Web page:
Thursday, July 31, 2008

Permanent Passenger

Book Review

Reading much like the cruise ship version of the British drama Upstairs, Downstairs, Micha Berman takes the reader behind the scenes of his life as an assistant cruise director in Permanent Passenger: My Life on a Cruise Ship.

While finishing his last year of college, Micha began a quest to find a career that was "nontraditional in a creative atmosphere, providing opportunities to speak to crowds, be with young people and included travel". He remembered watching Love Boat as a child and decided the job Julie McCoy had was the one for him. He set off on a one-man campaign to get a position as an assistant cruise director. His description of how he organized and conducted his job search would make any career counselor beam.

Securing his dream job with Carnival Cruise Line, Micha embarked on an eleven-month ride on the M.S. Ecstasy. This behind the scenes tale provides information to anyone interested in a career at sea. Micha describes the different occupations of the 800-member crew on the ship. He also describes the hierarchy, behind the scene intrigue, loves and fights that occur unbeknownst to the thousands of passengers.

It is also fascinating reading for the cruise ship enthusiast who would like to learn more about what happens below deck. Most of the crew is invisible to the guests. They come from a wide array of countries and live almost in a caste system based on their country of origin and occupation. You will learn the most dreaded position on the ship. It may surprise you. While the crew may be virtually invisible to the passengers they serve, they are people who share in the joys and challenges of living in close quarters at sea.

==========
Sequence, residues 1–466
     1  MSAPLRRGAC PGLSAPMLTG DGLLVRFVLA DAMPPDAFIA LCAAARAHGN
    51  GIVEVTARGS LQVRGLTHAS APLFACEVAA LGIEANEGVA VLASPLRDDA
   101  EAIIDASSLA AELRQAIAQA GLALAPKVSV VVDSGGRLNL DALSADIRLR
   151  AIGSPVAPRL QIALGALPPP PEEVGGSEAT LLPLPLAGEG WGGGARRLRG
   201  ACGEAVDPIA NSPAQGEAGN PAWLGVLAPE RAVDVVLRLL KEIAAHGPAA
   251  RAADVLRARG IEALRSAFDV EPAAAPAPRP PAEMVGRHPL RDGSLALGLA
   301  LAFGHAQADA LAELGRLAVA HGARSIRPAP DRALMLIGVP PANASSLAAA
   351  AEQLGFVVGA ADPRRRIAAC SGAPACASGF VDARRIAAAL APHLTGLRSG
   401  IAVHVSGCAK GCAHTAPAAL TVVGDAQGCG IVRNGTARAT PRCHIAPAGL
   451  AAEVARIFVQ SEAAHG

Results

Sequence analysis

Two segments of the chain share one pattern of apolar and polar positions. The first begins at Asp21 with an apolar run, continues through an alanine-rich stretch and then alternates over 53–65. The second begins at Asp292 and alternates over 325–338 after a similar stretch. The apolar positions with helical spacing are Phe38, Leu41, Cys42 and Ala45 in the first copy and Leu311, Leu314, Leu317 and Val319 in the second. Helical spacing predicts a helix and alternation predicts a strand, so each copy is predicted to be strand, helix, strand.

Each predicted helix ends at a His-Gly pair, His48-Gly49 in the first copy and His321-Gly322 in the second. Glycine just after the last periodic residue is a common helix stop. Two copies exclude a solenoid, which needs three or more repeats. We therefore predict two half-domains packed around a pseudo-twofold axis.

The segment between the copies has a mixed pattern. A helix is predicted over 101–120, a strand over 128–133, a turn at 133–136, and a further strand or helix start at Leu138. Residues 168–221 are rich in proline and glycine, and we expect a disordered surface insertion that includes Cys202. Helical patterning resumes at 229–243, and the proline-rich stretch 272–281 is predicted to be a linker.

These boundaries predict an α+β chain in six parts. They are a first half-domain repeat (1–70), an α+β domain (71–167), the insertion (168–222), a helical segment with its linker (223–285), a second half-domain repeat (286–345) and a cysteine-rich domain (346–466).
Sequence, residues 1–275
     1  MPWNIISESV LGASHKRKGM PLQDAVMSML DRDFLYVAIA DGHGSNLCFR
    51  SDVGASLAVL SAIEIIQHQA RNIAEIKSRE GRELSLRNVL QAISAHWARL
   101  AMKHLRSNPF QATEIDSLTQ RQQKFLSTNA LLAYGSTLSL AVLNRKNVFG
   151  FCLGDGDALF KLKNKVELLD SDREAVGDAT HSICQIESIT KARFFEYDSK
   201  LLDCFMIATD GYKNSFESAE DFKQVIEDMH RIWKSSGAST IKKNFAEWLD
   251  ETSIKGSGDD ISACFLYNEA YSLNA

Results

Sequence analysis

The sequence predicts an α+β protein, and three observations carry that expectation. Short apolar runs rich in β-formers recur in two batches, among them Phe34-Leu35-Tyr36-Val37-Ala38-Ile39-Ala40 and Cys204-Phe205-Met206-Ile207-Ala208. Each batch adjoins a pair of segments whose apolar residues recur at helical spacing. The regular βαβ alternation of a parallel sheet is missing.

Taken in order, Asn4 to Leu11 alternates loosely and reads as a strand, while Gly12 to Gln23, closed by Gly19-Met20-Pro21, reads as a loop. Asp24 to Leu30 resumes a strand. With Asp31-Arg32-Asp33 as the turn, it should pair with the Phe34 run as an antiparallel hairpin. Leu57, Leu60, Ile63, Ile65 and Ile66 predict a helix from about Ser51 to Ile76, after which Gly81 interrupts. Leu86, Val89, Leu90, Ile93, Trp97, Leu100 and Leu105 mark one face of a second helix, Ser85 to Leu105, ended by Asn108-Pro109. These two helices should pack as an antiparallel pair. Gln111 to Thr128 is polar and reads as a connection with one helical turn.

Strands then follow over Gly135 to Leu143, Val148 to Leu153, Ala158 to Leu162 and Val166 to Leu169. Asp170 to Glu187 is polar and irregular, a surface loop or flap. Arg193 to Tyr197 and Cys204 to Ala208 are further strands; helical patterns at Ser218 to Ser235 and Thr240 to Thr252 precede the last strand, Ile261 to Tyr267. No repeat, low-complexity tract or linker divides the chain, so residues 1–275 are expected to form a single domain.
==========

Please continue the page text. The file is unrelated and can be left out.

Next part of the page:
Wednesday, July 30, 2008


Wednesday Web Watch

An important ingredient for a satisfying retirement is to keep mentally stimulated. Keep your mind alert, willing to explore, discover and learn new things.

TED (Technology, Entertainment, Design) hosts a catalog of speeches, usually 20 minutes or less) of the greatest thinkers in the world today. The speeches are well organized. Some are very technical, others less so, but always stimulating.

I first heard about TED when an email was circulating the talk by Jan Bolte Taylor discussing her stroke. If you don’t do anything else, take 20 minutes to listen to this address. It is the best speech I’ve ever heard.

I always leave the site amazed and thrilled to be living on the planet at this period in time.

Tuesday, July 29, 2008

Did You Know?

The worst fear of any retiree is running out of money. We all know the stories of little old ladies who eat cat food because they can't afford food.

Did you know the number of people 65 and older who live in poverty has declined significantly in the last fifty years. In 1959, as many as 35 percent of seniors lived in poverty. In 2003, that number dropped to 10 percent.

Monday, July 28, 2008

Farewell to Randy Pausch